Three From Bandcamp Friday
And to be clear: New releases of Hawaiian guitar music, the global collaboration Congotronics International and the resurfacing of Milt Ward and Virgo Spectrum's 1977 debut are three out of thousands.
As we were reminded endlessly during the whole Joe Rogan/Spotify kerfuffle, the streaming services are in the database business — which, emphatically, is not the same as being in the music business.
Bandcamp is a database too. But it doesn’t feel like one. In recent years, with streaming services embracing various adversarial positions toward recording artists below the superstar tier, Bandcamp has become a reliable, delightful, easy to use platform for music discovery. Drop in anywhere on the site, and you have to work hard to not have an unexpected encounter. It’s possible to lose hours browsing and listening and, crucially, shopping: On the first Friday of each month, Bandcamp waives the service fee it collects on each sale. Through this effort, the service regularly underscores an important reality of our time: In the streaming era, most musicians struggle just to continue making and sharing their work. Music is essentially free to consume, but it’s not free to produce.
Here are three inspiring releases that found their way into my Bandcamp shopping cart last week.
Those who associate Hawaiian guitar music with idyllic sunsets will be surprised to hear the chipper march-cadence tunes that enchanted American tourists a century ago. Restored from vintage 78-rpm records, these are ensemble works, some with vocals, that share the skittish fast-motion energy of some jazz from around the same period, 1918-1921. These guitarists don’t shred and that’s just fine: Instead, on the graceful “Kawaihau Waltz” by Ford Hawaiians and several tracks by Irene West Royal Hawaiians, they show command of contour and implication and understatement, establishing a performance style that’s been followed — and profoundly stretched — by Hawaiian guitarists ever since.
More marches to be had here, on a high-concept gathering built around two Kinshasa institutions, Konono No. 1 and Kasai Allstars. During and after the extensive Congotronics vs. Rockers tour in 2011, these groups cultivated impromptu on-the-fly collaborations with Western rockers and other musicians; the live recordings, several included here, led to more organized studio sessions involving John Deiterich of Deerhoof, Matthew Mehlan of Skeletons, Argentinian singer/songwriter Juana Molina and others, 21 in all. Though some tracks nearly get trampled by the happy chaos of a “cast-of-thousands” production, there are joyous refrains and and simmering, coyly shifting rhythms, and outbreaks of ear-stretching worlds-colliding instrumental awesomeness.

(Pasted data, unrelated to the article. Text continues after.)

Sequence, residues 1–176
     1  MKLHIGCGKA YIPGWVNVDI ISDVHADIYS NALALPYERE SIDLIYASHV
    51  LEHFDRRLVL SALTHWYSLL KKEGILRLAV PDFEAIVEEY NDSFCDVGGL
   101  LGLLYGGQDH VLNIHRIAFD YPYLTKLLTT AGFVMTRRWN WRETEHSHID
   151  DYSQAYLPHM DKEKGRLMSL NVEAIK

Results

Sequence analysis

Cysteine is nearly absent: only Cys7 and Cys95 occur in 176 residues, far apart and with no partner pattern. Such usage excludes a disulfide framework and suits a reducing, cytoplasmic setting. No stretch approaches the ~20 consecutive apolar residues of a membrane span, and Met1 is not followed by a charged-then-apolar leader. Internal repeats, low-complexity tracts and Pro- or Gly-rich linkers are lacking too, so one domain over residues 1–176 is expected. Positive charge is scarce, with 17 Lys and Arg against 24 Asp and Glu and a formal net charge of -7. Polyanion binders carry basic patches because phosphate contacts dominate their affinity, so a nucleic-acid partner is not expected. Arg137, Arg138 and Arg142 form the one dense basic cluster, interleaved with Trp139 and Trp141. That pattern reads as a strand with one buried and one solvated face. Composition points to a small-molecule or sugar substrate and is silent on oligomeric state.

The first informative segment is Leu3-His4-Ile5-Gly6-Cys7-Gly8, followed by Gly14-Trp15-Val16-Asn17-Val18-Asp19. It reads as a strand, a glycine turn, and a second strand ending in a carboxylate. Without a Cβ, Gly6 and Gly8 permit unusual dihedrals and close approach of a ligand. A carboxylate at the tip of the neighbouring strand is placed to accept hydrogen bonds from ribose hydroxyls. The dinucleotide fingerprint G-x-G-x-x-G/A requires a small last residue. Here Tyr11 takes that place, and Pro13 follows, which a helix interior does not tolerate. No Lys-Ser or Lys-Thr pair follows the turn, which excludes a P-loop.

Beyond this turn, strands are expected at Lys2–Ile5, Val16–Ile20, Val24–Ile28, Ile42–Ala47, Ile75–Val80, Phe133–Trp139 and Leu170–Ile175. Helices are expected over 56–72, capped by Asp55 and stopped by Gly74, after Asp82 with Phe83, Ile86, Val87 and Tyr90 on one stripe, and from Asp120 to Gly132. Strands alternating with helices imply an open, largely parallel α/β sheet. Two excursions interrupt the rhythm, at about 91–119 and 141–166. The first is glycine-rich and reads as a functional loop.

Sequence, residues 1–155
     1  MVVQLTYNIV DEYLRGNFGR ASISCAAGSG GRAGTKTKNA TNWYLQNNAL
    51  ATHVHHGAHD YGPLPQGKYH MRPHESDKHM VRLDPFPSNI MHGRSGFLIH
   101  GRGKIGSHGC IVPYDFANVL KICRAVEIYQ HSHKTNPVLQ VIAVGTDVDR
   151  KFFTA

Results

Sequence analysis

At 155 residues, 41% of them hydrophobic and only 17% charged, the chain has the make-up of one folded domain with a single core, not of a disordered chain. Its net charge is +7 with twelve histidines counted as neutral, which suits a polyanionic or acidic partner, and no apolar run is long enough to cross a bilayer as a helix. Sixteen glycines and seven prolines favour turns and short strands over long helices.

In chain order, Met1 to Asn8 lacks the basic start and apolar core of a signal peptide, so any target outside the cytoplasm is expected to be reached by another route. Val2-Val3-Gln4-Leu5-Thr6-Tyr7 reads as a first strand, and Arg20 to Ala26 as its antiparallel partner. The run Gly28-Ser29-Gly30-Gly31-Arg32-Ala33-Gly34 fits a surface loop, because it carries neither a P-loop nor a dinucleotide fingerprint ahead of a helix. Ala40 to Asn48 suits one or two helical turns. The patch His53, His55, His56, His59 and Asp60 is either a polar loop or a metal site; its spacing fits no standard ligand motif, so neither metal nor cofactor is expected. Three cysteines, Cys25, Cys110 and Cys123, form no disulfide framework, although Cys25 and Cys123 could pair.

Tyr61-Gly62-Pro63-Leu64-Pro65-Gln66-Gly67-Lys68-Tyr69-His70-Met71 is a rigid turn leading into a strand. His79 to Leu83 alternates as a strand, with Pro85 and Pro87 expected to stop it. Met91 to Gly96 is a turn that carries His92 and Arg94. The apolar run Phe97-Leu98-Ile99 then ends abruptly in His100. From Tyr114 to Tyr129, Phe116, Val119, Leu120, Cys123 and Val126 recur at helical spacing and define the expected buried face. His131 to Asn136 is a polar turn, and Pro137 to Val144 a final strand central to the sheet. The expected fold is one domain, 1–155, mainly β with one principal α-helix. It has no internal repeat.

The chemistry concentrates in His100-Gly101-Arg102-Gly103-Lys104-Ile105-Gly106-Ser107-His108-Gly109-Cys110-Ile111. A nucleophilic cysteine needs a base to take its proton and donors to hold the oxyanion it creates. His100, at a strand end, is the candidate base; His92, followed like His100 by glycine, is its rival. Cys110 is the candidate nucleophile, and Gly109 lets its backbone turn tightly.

Best surprise for last: The rare 1977 album from trumpet master and composer Milt Ward and Virgo Spectrum. This belongs to the brief moment when the horizons for jazz fusion were still open, and musicians were able to slide between worlds without having to “pick a side” — it was no big deal for players to take a bebop gig one night and a more exploratory set with an electrified, percussion-anchored band like Virgo Spectrum the next.
Ward’s crew coalesced in Boston and involved both hotshots from the Berklee School of Music and established artists like bassist Cecil McBee (who crushes throughout) and saxophonists Billy Pierce and Carlos Garnett. The material, mostly written by Ward, strikes an interesting balance between the searching melodies of spiritual jazz, recurring horn-section stabs, steady, rock-leaning rhythms that thrive on repetition, and adventurous but not entirely discordant improvisations.
Inspired by the tunes, these soloists all seem to be reaching for altitudes that became mostly out of reach to humans sometime during the 1980s. There’s technical ferocity coming from the saxophonists, and a surprisingly lyricism from Ward; all of the soloists benefit from the absolutely astonishing accompaniment of keyboardist Delmar Brown, who wrote the most placid piece here, “Morning Glories.”
Just listen to Brown, on electric piano, starting at 4:47 of the opening track “Mr. Cheese.” His task is to support Ward’s solo, but really what he’s doing is framing it — with crisp three and four note provocations, and darting Herbie Hancock-style “what about this?” asides that playfully demand response. As the solo evolves, Brown’s goading becomes more daring, a spontaneous counterpoint built from dense chords and squabbling polyrhythm. It’s a great solo that deserves to be experienced at least twice — once to follow what Ward does, and once to focus on Brown, the wizard in the background.
That one solo triggered a mind-expanding journey through Delmar Brown’s work as an accompanist. Playlist coming Friday.
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